Woman’s Meningioma Symptoms Are Mistaken For The Menopause

Gamma Knife surgery - Woman Experiencing Hot Flush From Menopause

A woman who needed surgery to remove a benign meningioma initially had her symptoms dismissed by doctors as being the effects of the  menopause. The Argus reports that Karen Griffiths from Eastbourne first visited her GP when she began to suffer from tinnitus in one ear during 2018.

Karen, now aged 60, was also suffering from morning headaches and experienced problems with coordination, speech, and thinking and memory. These are all common symptoms of a meningioma. Other signs may include a loss of smell, changes in vision, seizures, and weakness in the arms and legs.

A memingnoma starts to develop in the layers of tissue that cover the brain and spinal cord, known as the meninges. This type of tumour is mostly benign (non cancerous), and it is common, accounting for about 27% of all brain tumours diagnosed in England and Wales.

They are more common in women than men, possibly because of hormone levels. Some research suggests that there may be a link to breast cancer and possibly birth control or hormone replacement therapy. There may also be a link to obesity, and they are more common in older people.

Karen began to hear her heartbeat in one ear, a condition known as one-sided pulsatile tinnitus. However, she was told by her GP that this, and other symptoms such as headaches and brain fog, were down to the menopause. Eventually, the tinnitus grew so loud that Karen was referred to an ear, nose and throat specialist, who sent her for an MRI scan.

The scan revealed that Karen had a large meningioma that was pressing on a major nerve in her brain, causing the symptoms.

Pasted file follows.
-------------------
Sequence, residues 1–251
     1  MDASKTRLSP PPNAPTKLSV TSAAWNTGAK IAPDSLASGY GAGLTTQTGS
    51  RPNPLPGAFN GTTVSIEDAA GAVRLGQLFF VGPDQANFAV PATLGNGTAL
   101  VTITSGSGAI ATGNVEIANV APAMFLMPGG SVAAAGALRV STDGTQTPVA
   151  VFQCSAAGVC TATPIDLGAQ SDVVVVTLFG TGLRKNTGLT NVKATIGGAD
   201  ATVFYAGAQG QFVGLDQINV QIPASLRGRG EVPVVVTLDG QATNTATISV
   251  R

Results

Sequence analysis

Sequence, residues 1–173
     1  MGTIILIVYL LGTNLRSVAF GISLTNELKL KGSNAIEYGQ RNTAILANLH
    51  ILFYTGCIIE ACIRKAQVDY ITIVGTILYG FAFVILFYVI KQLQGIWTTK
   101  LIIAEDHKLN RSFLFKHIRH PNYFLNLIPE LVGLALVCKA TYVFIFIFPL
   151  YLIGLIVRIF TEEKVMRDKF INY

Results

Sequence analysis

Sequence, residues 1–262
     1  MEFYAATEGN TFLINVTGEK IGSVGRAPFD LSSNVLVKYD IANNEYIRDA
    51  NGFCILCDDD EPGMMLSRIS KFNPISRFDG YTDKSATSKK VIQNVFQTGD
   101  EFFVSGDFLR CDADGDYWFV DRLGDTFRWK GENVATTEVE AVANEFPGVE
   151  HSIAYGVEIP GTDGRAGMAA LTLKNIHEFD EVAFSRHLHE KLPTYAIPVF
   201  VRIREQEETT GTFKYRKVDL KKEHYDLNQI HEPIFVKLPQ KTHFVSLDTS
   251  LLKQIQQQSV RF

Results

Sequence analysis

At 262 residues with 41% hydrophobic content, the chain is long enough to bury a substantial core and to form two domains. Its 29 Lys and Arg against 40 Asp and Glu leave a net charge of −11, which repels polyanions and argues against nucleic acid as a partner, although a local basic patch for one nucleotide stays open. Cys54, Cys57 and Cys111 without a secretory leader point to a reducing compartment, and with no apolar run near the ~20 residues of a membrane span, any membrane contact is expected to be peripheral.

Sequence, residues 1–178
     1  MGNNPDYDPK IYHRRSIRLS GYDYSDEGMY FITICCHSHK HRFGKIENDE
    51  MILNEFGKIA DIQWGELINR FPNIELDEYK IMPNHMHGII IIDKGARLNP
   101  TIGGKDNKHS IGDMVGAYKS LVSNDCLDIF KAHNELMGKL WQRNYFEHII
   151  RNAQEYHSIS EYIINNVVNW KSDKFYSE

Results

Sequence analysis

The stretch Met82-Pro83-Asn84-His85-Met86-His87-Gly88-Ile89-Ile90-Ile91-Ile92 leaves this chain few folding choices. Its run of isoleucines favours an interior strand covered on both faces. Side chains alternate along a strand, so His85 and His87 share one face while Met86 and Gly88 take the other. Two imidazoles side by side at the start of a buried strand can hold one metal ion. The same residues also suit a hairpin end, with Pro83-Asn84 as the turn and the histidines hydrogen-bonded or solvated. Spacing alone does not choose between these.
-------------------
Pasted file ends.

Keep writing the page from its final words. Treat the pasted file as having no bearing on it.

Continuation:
She told the Argus: “I was suffering with symptoms for over three years and it gradually got worse. Alongside that I was going through menopause and it is very well known that it can create headaches, brain fog and difficulty concentrating.”

She added: “One of the key things that got missed was that I was having headaches in the morning when I woke up. The one-sider pulsatile tinnitus got worse and worse but I was told not to worry about it. In my experience, they all too readily disregard them and blame them on something else instead.”

“My symptoms were disregarded for a long time, despite things getting steadily worse. I ended up feeling like a time waster. Looking back, it was quite dangerous.”

Karen had surgery to partially remove the tumour in March 2022. However, due to its location, some of the tumour had to be left in place. This means that she now has to regularly attend MRI scans to check that it is not growing in size.

Meanwhile, Karen reports that her speech, memory and balance are gradually improving, and she hopes to return to her job in insurance shortly.

For more information about meningioma treatment and Gamma Knife surgery, please contact Mr Patrick Grover of Amethyst Radiotherapy.